• No negative credit impact: Because layaway arrangements aren’t typically on a customer’s credit report, a missed payment generally won’t impact their credit score negatively like it could with a credit card.
  • Longer terms: Layaway plans can have longer terms than BNPL, giving the customer more time to pay off the balance. 


  • Wait times: The customer doesn’t get to take the merchandise home immediately.
  • Exclusions: Some stores have exclusions and limitations on items eligible for layaway.
  • Not widely available: Layaway isn’t as widespread as other payment arrangements. This means it could be difficult to find stores that still offer it.
  • No positive credit impact: On-time payments usually won’t positively impact a customer’s credit score like they can with a credit card.
  • Partial refunds: A retailer may charge a fee if the customer cancels during the layaway plan.
  • Potential fees: Stores may charge service, storage or layaway fees in addition to the merchandise’s price. 

What stores offer layaway?

Even though other types of financing have replaced layaway options at many stores, there are still some large and small retailers that offer it. Keep in mind that the plans could change or only be offered at select stores, so it’s a good idea to check with the retailers directly.

Alternatives to layaway

If layaway isn’t right for you—or it isn’t offered—there are other options. 

Credit cards

Like layaway, using a credit card is another way to finance big-ticket items. One of the main differences between these types of payment options is that when a customer uses a credit card to make a purchase, they can bring the item home immediately. 

But there are other things to consider when using a credit card. Once an item is purchased, it shows up on the account balance. Depending on how that balance is paid off could determine if interest is charged to the account. 

There are ways using a card could affect a person’s credit too. Buying something that maxes out a credit card may cause negative impacts. On the other hand, making on-time payments each month is one responsible habit that could positively impact credit scores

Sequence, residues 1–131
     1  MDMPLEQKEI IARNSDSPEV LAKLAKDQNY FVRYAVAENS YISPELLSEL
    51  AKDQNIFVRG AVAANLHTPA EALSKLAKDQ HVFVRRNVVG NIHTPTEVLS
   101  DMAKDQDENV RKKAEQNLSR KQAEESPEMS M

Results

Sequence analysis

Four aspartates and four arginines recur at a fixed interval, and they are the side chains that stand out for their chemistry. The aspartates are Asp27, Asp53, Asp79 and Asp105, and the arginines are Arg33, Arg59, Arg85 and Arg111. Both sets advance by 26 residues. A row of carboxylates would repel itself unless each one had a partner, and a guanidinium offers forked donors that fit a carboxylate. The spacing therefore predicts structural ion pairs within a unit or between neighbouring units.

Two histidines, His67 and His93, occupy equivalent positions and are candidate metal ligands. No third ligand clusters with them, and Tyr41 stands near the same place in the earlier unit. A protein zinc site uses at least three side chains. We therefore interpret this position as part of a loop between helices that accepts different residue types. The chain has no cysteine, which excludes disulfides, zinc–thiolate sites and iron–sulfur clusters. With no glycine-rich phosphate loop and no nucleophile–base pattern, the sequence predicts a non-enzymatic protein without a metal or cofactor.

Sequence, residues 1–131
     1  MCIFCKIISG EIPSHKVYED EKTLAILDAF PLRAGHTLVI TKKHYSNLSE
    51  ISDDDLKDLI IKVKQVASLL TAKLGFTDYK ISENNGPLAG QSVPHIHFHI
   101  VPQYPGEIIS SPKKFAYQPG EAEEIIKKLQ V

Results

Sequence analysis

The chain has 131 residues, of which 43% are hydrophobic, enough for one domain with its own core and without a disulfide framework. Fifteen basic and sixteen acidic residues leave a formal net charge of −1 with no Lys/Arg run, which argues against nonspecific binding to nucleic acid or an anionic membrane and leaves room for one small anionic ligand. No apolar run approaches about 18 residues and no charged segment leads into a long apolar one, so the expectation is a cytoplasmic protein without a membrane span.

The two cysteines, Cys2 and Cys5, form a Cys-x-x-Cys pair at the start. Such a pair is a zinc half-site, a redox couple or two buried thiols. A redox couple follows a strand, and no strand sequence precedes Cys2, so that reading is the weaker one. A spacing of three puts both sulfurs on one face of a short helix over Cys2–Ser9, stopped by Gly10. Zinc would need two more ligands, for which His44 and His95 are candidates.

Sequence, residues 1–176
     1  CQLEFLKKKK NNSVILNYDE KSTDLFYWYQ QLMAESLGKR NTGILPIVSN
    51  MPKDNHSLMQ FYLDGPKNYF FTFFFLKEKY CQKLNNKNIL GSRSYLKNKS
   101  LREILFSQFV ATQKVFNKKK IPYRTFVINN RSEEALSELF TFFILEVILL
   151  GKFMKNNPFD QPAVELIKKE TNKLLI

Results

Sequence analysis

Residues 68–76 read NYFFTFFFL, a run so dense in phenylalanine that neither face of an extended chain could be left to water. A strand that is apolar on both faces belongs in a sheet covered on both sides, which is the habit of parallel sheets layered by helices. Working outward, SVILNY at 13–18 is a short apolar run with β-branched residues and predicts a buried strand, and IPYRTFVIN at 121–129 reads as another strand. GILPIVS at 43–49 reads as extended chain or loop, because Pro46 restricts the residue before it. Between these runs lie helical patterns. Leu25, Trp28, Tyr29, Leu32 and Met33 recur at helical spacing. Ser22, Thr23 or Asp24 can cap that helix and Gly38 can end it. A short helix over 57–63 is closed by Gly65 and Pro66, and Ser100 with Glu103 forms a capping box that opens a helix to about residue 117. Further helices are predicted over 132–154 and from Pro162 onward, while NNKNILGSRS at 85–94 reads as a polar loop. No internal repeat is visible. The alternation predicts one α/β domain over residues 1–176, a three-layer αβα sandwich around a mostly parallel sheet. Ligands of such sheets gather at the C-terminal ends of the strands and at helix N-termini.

If you don’t have a credit card, you can learn more about how credit card applications work before you apply.

Buy now, pay later loans

BNPL allows customers to finance an item on a typically short-term, interest-free basis. Unlike layaway, the customer can immediately take the item home. The customer then makes payments directly to the BNPL service provider until the balance is paid off. 

Similar to layaway, BNPL programs typically don’t require a hard credit check. But missed payments can negatively impact a customer’s credit report—and result in additional charges.

Savings plans

You could always wait until you have enough money to purchase your item. You might avoid things like potential layaway fees and spending more than you can afford. 

If you’re looking for ways to start saving, it might be worth taking a look at your expenses and figuring out what you can cut.

Layaway in a nutshell

Layaway could be one way to finance gifts for the holiday season or spread out payments for a big-ticket item, especially if you don’t mind waiting to bring your merchandise home. 

If that’s not an option, there are plenty of credit cards out there. For example, a low intro rate card might help save on interest. Remember, applying for a card can temporarily affect credit scores. But getting pre-approved lets you see if you’re eligible for certain card offers without impacting your credit.